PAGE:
The process of constructing the emergency centre began in 1938 when Sir Hastings Ismay ordered the Office of Works to survey Whitehall for a suitable location. That agency determined that the best place for this centre was the New Public Offices. The Office of Works concluded that the building was close to Parliament and possessed both a strong steel frame and a large basement. Ismay and Sir Leslie Hollis began working on the basement in June 1938, installing communications and broadcasting equipment as well as installing soundproofing, insulation, and reinforcing the walls and pillars.
At the same time, the War Office, the Admiralty, and the Air Ministry were conceiving of the War Rooms as a central hub of decision-making between the various Armed Forces. The government also decided that the War Rooms would house the Cabinet, or at least a smaller War Cabinet, in order to facilitate quick discussion between the civilian government and the military. Thus, it was decided in May 1939 that the War Cabinet would occupy the Central War Room. The War Rooms became operational on 27 August 1939, only days before the invasion of Poland on 1 September. The War Rooms soon expanded to include the Transatlantic Telephone Room and an office/bedroom for the Prime Minister.
During World War II, the Cabinet met in the Central War Room 115 times, most notably during the Blitz and later the V-1 and V-2 attacks. Their use caused its name to change to the Cabinet Room. While Churchill’s War Cabinet made use of the Cabinet Room most of the time, Neville Chamberlain’s Cabinet used it only once. Besides the CWR, the Map Room was the other heavily used room out of the three original rooms, manned around the clock by members of the Royal Army, the Royal Navy, and the Royal Air Force. The Map Room saw continued use until 16 April 1945, when the lights were turned off for the first time in six years. The War Rooms ceased seeing usage in September after the Japan’s surrender and the war’s end.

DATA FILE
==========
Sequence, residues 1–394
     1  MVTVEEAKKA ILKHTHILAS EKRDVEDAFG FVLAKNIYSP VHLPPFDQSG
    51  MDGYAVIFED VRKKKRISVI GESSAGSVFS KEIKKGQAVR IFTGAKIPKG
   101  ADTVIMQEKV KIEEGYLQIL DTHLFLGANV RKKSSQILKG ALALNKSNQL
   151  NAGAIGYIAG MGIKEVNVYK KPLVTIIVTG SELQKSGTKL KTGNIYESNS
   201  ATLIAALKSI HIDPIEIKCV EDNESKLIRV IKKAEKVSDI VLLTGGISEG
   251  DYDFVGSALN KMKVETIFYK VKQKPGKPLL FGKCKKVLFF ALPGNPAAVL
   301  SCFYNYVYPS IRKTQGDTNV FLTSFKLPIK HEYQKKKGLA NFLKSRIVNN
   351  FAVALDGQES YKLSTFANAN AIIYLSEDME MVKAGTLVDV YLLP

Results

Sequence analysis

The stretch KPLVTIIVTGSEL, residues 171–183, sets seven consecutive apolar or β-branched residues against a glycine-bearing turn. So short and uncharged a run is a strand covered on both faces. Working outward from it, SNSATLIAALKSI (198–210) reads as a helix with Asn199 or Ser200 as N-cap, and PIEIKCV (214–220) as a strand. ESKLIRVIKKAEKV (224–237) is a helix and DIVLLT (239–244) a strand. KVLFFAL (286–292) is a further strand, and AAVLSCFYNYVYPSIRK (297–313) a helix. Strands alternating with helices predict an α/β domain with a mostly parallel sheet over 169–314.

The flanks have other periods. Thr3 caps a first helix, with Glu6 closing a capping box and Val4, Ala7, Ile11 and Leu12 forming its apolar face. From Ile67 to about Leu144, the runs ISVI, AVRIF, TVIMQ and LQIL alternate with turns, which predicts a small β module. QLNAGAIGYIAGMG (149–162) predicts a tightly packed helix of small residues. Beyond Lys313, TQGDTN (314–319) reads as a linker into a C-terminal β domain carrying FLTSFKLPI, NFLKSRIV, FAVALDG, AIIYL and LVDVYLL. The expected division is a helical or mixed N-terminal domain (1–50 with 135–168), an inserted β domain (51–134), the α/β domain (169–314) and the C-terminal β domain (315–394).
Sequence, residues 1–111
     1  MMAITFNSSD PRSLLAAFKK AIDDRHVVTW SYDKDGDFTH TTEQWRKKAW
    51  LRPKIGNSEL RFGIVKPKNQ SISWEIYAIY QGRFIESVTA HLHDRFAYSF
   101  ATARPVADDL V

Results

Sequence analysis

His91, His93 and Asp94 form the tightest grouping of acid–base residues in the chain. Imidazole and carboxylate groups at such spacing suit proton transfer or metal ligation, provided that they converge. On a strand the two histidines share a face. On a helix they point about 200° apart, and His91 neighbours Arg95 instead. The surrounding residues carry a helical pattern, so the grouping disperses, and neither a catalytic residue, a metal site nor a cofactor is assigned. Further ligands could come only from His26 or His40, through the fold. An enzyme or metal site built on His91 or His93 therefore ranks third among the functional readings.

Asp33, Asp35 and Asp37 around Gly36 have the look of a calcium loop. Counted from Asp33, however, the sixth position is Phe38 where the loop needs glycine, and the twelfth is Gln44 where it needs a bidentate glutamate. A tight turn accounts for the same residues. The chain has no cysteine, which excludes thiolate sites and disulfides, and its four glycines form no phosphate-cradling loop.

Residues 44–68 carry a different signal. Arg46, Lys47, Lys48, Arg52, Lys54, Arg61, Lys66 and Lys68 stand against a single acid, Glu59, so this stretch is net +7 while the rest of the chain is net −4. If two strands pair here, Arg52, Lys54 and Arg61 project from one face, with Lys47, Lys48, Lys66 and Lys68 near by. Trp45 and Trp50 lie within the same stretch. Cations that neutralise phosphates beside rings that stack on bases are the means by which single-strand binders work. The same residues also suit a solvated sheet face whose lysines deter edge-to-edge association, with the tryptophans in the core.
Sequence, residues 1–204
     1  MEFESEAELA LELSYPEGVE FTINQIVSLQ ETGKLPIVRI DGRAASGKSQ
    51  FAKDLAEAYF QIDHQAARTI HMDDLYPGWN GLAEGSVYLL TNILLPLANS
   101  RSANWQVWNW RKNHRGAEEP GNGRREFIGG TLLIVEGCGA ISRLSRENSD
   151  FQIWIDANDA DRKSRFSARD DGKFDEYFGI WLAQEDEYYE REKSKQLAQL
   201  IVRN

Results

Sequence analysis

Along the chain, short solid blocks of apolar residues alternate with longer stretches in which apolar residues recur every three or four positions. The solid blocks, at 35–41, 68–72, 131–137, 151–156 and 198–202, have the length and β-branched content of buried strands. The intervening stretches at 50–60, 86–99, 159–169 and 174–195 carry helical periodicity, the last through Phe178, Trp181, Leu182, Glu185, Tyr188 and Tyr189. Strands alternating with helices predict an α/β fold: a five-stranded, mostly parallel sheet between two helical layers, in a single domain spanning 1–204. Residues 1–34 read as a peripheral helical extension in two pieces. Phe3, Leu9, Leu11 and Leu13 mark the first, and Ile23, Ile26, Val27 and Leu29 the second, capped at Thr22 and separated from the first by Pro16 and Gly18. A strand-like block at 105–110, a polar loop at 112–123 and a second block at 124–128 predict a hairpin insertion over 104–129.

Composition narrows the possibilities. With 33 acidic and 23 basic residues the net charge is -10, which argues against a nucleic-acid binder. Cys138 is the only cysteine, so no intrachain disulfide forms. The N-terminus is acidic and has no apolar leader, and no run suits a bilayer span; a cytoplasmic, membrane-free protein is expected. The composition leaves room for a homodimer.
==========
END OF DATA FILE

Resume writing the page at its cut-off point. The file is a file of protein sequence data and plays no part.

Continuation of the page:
Shortly thereafter, the maintenance and preservation of the War Rooms fell to the Ministry of Works. Some of the rooms were left intact, while others had their contents completely removed and repurposed. Three years later in 1948, Parliament considered the opening of the rooms to the public for the first time, but Charles Key MP, the minister in charge of the Ministry of Works, felt it “would not be practical to throw open for inspection by the general public accommodation which forms part of an office where confidential work is carried on.” This, despite the fact that the rooms had not been used in nearly three years.
It would not be until 1984 that Parliament opened the War Rooms to the public for the first time. The Imperial War Museum had begun the process in 1974 and a feasibility study was done that ended up not moving forward. Prime Minister Margaret Thatcher, herself a fan of Churchill, had hoped that they could be opened before the next general election. This time, the Imperial War Museum was given the necessary resources to reopen the War Room and make them self-sustaining. Thatcher officially opened this division of the IWM on 4 April 1984. In 2003, the museum was expanded to include many of the rooms that Churchill, his family, and associates had used during the war, and the museum was rechristened as the Churchill War Rooms in 2010.
Open Daily 9:30 a.m. -6 p.m. Adults £18 ($26), Children £9 ($13). We recommend booking ahead and doing the guided audio tour. Accessible easily by Tube (Westminster Station) and any Black Cab driver will know the way.